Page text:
Here is the English translation of the interlinear version of 1 Peter 3:3-4 in the New American Standard:
Whose let it be not the external of braiding of hair and putting around of gold or putting on of garments adorning1
But the hidden of the heart man in the imperishable [beauty] of the gentle and quiet spirit which is before God of great worth
By taking the verse apart in the following way, I think we can better appreciate how Peter in thinking in this verse:
The adornment of what is external: NOT SIGNIFICANT
- braided hair
- gold (jewelry)
- (fine) clothes
The adornment of what is internal: VERY SIGNIFICANT
- imperishable quality
- tranquil and gentle spirit
- precious to God
There is clearly a contrast here between the two types of adornment: one is purely physical and outward, while the other is spiritual and inward.
Frankly, the word fine is not needed to make sense of the contrast Peter is painting with his words. The contrast comprises, on the one hand, adornment which is external and expensive, yet ultimately perishable. On the other hand,
there is adornment which is costly (but costly to women only in terms of the discipline required for holy living), internal, and imperishable, as is all our treasure in heaven (see Matthew 6:20).
The perishable includes elaborate hairstyles, gold (i.e., gold jewelry, another word which is inserted in English versions, and even though it is not in the Greek text, the word peritheseos is, meaning "putting around," which suggests necklaces, bracelets, and the like), and clothing. This last item, as has been pointed out by @JonathanChell, above, makes sense only as fine clothes. In fact, the thematic element in Peter's contrast is adornment, which in our English language means "that which lends beauty to or enhances aesthetically." Implied, then, is finery, not rags!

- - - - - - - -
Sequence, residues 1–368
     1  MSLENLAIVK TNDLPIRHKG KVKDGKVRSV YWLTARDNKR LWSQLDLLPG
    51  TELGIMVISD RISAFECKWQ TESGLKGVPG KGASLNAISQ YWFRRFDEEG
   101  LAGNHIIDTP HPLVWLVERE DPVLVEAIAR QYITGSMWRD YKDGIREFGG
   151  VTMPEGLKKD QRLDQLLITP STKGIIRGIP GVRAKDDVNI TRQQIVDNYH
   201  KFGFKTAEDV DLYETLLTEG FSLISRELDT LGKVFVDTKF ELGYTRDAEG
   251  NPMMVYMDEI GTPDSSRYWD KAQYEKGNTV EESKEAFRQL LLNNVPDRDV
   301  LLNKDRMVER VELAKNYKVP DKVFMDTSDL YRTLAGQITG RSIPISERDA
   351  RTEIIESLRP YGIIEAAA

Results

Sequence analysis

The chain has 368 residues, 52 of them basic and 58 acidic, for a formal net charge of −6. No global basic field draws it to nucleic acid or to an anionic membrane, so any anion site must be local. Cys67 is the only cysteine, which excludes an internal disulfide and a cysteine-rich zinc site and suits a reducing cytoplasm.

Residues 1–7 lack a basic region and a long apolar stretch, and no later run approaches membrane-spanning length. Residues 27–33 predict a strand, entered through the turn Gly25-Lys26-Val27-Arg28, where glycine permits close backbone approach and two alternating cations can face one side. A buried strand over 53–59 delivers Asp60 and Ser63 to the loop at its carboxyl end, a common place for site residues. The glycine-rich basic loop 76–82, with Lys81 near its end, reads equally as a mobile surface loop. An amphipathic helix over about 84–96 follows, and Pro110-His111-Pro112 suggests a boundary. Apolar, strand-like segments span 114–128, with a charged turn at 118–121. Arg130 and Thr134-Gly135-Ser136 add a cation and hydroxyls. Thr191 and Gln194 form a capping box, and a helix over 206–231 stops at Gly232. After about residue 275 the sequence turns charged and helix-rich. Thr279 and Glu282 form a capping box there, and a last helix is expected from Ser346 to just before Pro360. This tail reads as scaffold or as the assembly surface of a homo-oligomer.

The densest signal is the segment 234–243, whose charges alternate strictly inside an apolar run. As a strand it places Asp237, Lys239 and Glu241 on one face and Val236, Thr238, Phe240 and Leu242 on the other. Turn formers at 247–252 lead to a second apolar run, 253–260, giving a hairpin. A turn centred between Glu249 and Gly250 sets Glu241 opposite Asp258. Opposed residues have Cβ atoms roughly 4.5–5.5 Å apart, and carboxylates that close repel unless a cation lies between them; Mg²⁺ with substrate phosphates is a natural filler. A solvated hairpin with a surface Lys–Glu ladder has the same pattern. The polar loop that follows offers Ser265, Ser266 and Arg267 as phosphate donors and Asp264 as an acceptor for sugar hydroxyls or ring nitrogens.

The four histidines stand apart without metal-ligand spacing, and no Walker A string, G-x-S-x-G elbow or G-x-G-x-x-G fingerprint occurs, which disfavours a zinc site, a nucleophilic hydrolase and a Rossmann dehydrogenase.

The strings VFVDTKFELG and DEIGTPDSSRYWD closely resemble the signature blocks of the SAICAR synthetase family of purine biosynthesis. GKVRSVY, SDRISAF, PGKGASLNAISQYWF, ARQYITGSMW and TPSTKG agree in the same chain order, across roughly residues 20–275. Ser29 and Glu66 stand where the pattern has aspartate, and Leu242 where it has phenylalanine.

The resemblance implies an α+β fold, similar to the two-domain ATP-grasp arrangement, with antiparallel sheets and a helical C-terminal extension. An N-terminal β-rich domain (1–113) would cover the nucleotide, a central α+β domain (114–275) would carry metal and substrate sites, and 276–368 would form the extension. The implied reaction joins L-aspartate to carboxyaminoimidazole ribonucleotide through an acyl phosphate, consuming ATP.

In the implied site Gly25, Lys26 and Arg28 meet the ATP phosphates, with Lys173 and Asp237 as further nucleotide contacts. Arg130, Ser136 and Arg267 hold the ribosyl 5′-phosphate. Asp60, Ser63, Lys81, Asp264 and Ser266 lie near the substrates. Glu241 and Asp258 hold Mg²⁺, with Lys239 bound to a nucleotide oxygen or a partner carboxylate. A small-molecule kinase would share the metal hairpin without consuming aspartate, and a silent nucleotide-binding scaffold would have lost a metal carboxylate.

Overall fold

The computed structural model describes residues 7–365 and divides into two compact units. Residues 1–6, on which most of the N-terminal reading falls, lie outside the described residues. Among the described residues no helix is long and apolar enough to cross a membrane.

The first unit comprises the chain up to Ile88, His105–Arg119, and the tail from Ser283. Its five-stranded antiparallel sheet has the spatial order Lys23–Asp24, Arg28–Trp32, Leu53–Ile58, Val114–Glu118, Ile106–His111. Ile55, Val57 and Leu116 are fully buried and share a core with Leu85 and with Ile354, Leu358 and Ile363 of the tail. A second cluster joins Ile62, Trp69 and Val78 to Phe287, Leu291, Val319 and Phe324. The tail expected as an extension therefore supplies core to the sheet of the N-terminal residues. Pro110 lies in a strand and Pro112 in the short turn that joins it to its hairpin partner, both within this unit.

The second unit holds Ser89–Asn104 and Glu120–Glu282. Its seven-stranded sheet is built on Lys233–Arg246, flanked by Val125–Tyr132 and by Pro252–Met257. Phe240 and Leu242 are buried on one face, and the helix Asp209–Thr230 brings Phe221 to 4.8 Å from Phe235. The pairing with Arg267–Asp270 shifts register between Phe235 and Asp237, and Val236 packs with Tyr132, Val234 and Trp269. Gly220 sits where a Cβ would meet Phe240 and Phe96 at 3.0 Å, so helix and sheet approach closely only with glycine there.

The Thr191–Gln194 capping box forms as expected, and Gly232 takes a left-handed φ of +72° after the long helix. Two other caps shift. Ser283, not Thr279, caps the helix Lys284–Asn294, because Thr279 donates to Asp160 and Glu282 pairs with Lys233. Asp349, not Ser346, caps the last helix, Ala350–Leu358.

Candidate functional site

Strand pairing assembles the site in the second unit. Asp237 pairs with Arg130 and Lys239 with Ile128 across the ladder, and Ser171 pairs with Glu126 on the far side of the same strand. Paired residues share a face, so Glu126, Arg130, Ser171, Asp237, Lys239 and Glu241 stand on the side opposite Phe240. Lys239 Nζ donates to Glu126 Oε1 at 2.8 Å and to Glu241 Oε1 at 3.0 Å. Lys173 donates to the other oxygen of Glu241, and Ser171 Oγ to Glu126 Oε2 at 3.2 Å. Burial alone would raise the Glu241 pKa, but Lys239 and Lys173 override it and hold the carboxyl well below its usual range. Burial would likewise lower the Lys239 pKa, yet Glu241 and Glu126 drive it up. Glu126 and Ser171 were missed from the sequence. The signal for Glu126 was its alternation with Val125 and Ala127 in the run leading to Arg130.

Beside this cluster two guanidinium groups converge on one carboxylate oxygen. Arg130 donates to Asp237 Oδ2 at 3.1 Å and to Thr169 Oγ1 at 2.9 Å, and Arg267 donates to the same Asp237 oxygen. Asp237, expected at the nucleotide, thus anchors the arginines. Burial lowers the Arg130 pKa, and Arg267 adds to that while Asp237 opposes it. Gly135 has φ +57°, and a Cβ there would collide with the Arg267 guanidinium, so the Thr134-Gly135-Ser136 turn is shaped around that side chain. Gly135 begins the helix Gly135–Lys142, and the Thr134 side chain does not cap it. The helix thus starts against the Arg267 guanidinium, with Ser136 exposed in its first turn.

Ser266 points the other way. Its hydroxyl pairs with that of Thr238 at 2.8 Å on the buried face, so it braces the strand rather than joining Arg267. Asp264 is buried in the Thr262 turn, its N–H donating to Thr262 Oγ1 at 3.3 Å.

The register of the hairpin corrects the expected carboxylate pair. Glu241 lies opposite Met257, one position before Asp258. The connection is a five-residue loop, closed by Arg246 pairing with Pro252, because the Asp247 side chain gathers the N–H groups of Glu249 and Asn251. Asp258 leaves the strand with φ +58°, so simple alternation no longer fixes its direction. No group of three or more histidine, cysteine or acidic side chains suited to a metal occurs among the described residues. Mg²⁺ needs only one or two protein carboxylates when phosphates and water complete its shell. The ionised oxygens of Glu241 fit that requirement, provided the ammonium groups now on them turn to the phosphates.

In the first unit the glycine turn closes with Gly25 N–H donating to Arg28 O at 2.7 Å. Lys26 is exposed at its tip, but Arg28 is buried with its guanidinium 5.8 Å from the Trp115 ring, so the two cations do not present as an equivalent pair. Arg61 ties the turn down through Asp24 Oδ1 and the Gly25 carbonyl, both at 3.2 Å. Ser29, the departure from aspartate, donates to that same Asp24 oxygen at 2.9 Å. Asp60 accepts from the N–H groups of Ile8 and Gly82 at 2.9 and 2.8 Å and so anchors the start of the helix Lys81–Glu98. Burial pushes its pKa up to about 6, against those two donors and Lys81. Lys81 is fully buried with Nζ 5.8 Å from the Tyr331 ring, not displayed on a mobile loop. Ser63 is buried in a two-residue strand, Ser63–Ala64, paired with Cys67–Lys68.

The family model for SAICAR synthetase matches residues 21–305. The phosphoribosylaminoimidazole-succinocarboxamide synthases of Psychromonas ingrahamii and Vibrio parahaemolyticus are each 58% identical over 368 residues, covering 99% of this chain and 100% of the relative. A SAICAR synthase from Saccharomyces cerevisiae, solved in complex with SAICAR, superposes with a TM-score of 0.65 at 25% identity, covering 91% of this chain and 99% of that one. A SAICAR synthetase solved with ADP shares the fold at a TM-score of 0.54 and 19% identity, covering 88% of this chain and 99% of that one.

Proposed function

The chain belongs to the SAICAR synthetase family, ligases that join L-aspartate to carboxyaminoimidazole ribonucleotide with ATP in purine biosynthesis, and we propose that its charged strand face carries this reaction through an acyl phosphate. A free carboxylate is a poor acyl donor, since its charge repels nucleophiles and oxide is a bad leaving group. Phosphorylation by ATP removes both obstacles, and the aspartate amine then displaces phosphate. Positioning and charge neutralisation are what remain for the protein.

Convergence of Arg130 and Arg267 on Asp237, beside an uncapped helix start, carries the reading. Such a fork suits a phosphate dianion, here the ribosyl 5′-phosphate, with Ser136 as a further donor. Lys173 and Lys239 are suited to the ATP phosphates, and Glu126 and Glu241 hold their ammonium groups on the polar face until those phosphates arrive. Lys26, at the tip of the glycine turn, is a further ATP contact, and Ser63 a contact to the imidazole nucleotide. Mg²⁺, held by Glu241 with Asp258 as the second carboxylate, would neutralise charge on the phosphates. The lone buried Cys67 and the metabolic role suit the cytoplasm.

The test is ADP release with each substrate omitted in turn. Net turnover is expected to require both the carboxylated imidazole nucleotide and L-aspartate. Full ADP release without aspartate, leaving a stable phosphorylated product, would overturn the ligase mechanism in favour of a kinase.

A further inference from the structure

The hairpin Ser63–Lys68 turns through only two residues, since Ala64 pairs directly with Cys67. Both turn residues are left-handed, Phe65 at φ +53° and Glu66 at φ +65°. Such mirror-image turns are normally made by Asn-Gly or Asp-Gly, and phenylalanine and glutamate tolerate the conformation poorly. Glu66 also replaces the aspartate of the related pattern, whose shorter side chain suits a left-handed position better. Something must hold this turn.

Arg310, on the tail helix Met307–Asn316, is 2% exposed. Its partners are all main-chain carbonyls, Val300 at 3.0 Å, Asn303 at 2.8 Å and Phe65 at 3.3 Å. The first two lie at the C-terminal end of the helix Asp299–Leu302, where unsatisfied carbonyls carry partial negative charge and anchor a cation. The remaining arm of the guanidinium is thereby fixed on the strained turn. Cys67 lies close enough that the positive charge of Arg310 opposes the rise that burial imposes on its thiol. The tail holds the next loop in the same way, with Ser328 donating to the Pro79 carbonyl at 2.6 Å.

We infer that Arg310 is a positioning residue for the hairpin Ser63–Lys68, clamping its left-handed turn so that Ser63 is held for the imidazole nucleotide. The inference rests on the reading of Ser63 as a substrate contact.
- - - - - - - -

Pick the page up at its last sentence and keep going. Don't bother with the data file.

In conclusion, Peter is obviously talking about two types of adornment: One is outward and attractive; that is, carefully coiffed, ostentatious, and perhaps even garish; while the other is inward and precious; that is, hidden, spiritual, and precious in God's sight. This last characteristic takes us all the way back to God's instructions to the prophet Samuel concerning his selection of David as King Saul's successor:
"'Do not look at his [i.e., Saul's] appearance or at the height of his stature, because I have rejected him; for God sees not as man sees, for man looks at the outward appearance, but the LORD looks at the heart'" (1 Samuel 16:7 NASB Updated).
As Jesus said of the Pharisees and their insistence on outward and noticeable acts of piety and the external aspects of religion:
"They have their reward in full [here on earth]" (Matthew 6:2, 5, and 16).
Likewise, the women in a local assembly of Christians can dress to the nines and have their public reward in full, or they can dress modestly in public but reap a reward both here and now by nurturing their inner character so as to please the Lord.
1"adorning" = Gk. kosmos; compare 1 Timothy 2:9, where "to adorn" = Gk. kosmein